'Biggest challenge' for OSU's Andersen
CORVALLIS — Gary Andersen woke up Sunday morning feeling lousy about a lot of things.
Saturday's 48-14 loss to Minnesota left the third-year Oregon State coach with an ache in his gut that reached into his soul.
Andersen was disappointed in the collective performance of his players and the work of his coaches.
But much more than that, he was disappointed in himself, and downcast at the thought of letting down the program's fans.
"I completely understand what Beaver Nation is going through," Andersen says. "Those fans expect more, and they absolutely should. In the end, it starts and stops with me, and nobody else.
"This is without a doubt the biggest challenge I have faced in my career. I signed up for it, and mark my word — we're going to get it done. We're not going to fail. I'm not going to let that happen."
The Beavers (1-2) rank 113th among 127 FBS teams in scoring defense, allowing 45 points per game, and 107th in total defense, allowing 520 yards per game. So defense has not been a strength.
But Andersen's biggest concern coming out of the Minnesota debacle was his offense — especially in the second half, when the Beavers managed one first down and 35 yards.
"It goes without saying, that's unacceptable," Andersen says. "You can't run 18 plays for 35 yards in the second half and beat anybody in the country."
Oregon State's offense doesn't seem to have an identity. At times, the Beavers run the ball well with Ryan Nall or Artavis Pierce. At other times, Jake Luton has been effective through the air. But there has been little consistency. Often, the junior quarterback has 2 1/2 seconds to throw when he needs 3 1/2. Decision-making gets dicey when a QB is rushed, and it's been a problem at times for Luton, who has played only three games as a starter in the FBS ranks.
Andersen prefers an offense predicated on the run, ideally with a 60/40 split between the run and pass. The Beavers' run-blocking hasn't been consistent enough to make that happen, and when they are forced to throw, not enough good things have happened.
Pierce started at tailback over Nall against Minnesota, and Nall got only seven carries — one in the second half. He fumbled on that third-quarter attempt and didn't see the ball again.
Nall, who didn't catch a pass, needs to have 20 to 25 touches a game. He's the Beavers' biggest offensive weapon, and they need to find a way to get him opportunities to find the groove that made him a huge weapon a year ago.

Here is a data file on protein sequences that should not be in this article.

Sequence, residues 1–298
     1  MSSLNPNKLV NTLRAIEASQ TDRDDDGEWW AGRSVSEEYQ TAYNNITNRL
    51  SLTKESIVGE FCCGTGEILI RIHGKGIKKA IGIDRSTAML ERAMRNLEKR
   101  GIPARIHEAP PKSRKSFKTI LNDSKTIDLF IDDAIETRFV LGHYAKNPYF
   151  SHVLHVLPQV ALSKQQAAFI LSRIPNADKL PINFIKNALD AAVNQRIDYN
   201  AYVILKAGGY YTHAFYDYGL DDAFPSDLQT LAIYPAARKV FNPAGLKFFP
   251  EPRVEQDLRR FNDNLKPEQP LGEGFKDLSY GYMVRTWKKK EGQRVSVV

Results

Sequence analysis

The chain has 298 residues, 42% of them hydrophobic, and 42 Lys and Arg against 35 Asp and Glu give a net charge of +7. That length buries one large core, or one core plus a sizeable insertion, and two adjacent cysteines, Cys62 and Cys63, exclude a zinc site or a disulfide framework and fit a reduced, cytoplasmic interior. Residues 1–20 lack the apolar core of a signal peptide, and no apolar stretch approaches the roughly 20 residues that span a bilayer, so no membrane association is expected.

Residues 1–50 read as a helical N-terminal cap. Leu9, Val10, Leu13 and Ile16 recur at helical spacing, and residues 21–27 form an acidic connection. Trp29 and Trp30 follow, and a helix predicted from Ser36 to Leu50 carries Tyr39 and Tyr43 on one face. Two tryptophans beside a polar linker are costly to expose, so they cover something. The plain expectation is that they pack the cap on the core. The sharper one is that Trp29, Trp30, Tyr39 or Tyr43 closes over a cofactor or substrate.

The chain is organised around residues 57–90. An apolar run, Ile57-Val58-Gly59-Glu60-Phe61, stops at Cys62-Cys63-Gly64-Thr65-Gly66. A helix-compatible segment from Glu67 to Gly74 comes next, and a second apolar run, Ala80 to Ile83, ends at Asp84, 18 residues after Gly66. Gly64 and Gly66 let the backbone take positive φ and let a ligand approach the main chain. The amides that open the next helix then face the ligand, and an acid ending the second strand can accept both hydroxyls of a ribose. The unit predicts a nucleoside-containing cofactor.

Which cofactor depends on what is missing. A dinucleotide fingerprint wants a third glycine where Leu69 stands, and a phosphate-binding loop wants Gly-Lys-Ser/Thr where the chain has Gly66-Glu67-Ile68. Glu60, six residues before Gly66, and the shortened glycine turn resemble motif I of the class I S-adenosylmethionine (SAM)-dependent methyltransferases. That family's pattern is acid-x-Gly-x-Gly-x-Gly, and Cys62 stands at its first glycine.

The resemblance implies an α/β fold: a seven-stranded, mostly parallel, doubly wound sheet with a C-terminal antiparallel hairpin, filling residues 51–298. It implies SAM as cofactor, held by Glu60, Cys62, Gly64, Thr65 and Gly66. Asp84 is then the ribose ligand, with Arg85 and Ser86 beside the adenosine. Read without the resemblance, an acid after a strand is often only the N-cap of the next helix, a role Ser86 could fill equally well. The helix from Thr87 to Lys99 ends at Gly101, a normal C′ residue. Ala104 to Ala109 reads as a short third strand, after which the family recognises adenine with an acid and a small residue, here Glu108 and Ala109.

Oregon State's run defense was better against the Gophers than it had been against Colorado State and Portland State, in part because the Beavers loaded the box. Minnesota still passed only eight times and rushed for 253 yards, though 64 of them came on a final bootleg by reserve QB Demry Croft with the outcome long decided. On the Gophers' other 57 runs from scrimmage, they gained 189 yards for a 3.3 average. You can live with that.
But the Oregon State defense was left on the field too long, so long that reserve safety David Morris — the outstanding true freshman from Sherwood — was called on to make 17 tackles.
The Beavers' depth on the defensive front is shallow, and now at the back end, too. Both starting cornerbacks, Dwayne Williams and Xavier Crawford, were injured in the first half on Saturday. Williams will undergo ACL knee surgery and is done for the season. Crawford, who hurt his shoulder, has been ruled out of Saturday's Pac-12 opener at Washington State.
The Beavers' football IQ was unsound Saturday. There was Trevon Bradford fair-catching a punt at the OSU 3-yard line. There was offensive guard Gus Lavaka's personal foul with the Beavers at first-and-goal on the Minnesota 1. There was Luton running out of bounds for no gain on third-and-5 from midfield on the final play of the third quarter, when a first down would have extended the drive.
By that time, a good portion of the fans had left Reser Stadium and headed for the exits, a sour taste in their mouths. It's clear that an element of Beaver Nation has given up on the team. Have the players given up, too?
"That's not the case," Andersen says. "Our guys are battling their asses off. But they need to play better, and we as coaches need to do a better job of putting them in position to succeed."
Andersen won't quit. He has been a fighter through his entire coaching career, a guy who turned around a program at Utah State and had two successful seasons at Wisconsin before taking on the challenge in Corvallis.
But now it gets tougher. After Washington State, OSU's schedule includes Washington, Southern Cal, Stanford and Colorado. That's a stretch that is going to be about survival more than anything.
Against Wazzu, Oregon State may have slotback Seth Collins, whose broken ring finger sidelined him for the first three games. He's a major weapon the Beavers have sorely missed.
Andersen and his staff will have to work overtime to keep their players' confidence and spirits up during these trying times. The coach knew it wouldn't be easy, but he didn't expect this kind of predicament.